Shotcut 21: Specs
Minimum system requirements:
PC: Windows 7 (64-bit)
Mac: MacOS 10.10
Linux: glibc 2.27 (64-bit)
Memory: 4GB of RAM for SD, 8GB for HD, and 16GB for 4K video production.
Graphics: Compatible with OpenGL 2.0. On Windows, you can also use a card with DirectX 9 or 11 drivers.
Shotcut is a completely free, full-featured, open source video editing program that deserves respect.
It’s marketed as a consumer/prosumer oriented intuitive app that gets the job done with minimal interface complexity, and for the most part, it succeeds.
Basic features like importing video, keyframing on a timeline, cutting and splicing, and adding transitions, titles, and effects, are all accomplished in just a few clicks with plenty of drag and drop for good measure.
Unlike some other free packages, like our current fave HitFilm Express 15, Shotcut works even with lower-end computers, making it one of the best free video editing software programs around. If you’re an amateur-slash-prosumer videographer with a mid-level Mac, Windows, or Linux system, and do not need a whole lot of bells and whistles or hand holding to accomplish your goals, Shotcut may be a good match for you.
We’ve spent some time with Shotcut 21, the most recent version, so we can outline what we like and don’t like about it. Read on for our full Shotcut review.
Shotcut 21 review: Interface
While it’s not as intuitive as Hitfilm or iMovie, anyone who is even vaguely familiar with non-linear video editing should be able to get the hang of Shotcut pretty quickly. It’s easy to learn, but most novices are not going to just jump right into the program and immediately find their way around. Watching an instructional video or two will go a long way in getting new users accustomed to this software’s conventions. Hover your mouse over a tool to reveal (albeit in tiny print), its function.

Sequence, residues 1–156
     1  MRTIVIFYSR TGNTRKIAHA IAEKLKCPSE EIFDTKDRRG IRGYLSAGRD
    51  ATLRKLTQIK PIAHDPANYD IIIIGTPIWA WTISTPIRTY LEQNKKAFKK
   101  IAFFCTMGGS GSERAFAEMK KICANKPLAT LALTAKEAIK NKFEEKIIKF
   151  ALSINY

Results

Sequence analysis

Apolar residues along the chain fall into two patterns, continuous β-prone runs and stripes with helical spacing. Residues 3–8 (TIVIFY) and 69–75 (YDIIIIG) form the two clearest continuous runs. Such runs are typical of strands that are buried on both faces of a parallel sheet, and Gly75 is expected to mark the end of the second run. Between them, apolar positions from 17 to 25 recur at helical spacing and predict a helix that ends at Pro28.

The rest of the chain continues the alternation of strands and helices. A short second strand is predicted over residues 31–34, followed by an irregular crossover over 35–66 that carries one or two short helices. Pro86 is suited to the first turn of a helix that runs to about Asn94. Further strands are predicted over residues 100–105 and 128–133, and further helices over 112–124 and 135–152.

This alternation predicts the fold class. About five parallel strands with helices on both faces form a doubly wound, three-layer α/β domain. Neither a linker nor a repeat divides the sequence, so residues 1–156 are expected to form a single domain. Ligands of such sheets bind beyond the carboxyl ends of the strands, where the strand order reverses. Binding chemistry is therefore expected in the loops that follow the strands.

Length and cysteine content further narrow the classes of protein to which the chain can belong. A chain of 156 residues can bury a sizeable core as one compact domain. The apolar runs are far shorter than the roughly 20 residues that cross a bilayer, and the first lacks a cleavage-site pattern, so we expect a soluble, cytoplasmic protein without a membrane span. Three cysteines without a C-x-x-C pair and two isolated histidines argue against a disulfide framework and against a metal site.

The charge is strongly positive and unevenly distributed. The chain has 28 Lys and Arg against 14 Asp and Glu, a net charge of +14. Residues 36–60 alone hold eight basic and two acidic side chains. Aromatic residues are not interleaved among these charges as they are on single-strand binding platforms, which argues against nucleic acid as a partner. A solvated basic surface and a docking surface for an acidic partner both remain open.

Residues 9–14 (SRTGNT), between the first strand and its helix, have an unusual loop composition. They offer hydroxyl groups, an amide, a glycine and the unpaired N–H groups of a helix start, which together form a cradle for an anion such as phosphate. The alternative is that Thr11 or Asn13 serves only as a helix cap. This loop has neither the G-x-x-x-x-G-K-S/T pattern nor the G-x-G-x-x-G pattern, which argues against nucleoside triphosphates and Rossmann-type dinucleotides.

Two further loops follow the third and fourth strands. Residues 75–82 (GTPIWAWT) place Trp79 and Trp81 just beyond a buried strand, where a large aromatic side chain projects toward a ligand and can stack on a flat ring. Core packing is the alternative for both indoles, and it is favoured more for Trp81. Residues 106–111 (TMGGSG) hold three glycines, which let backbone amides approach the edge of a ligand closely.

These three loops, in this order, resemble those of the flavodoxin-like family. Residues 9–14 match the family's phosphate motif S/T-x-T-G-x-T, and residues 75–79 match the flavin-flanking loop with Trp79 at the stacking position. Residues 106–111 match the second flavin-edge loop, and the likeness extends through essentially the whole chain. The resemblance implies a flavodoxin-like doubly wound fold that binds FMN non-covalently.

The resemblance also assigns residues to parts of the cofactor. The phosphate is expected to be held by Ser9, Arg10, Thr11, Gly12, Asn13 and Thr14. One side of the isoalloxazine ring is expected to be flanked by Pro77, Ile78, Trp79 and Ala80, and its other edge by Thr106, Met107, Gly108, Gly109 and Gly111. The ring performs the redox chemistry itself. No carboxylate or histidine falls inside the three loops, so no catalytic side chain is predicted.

The default layout is sparse and a bit text heavy, but you can use the top menu to switch out different workspaces — or create a custom one — that will make the program more comfortable. All panels are dockable — you can open and close panels at will or separate them from the application frame to focus on a single aspect of your project. You can also switch background colors from dark, light, and system, plus the app supports external monitors.
The app lets you create multiple tracks for audio and video, while conveniently located tools let you stitch it all together in any way you’d like by easily splitting, trimming, and snapping clips together. A history timeline makes it easy to keep track of everything you have done to your footage while an audio meter lets you monitor your levels.
Because Shotcut is open-source, there are a few weird things that Mac and Windows users may take some time getting used to – such as buttons that…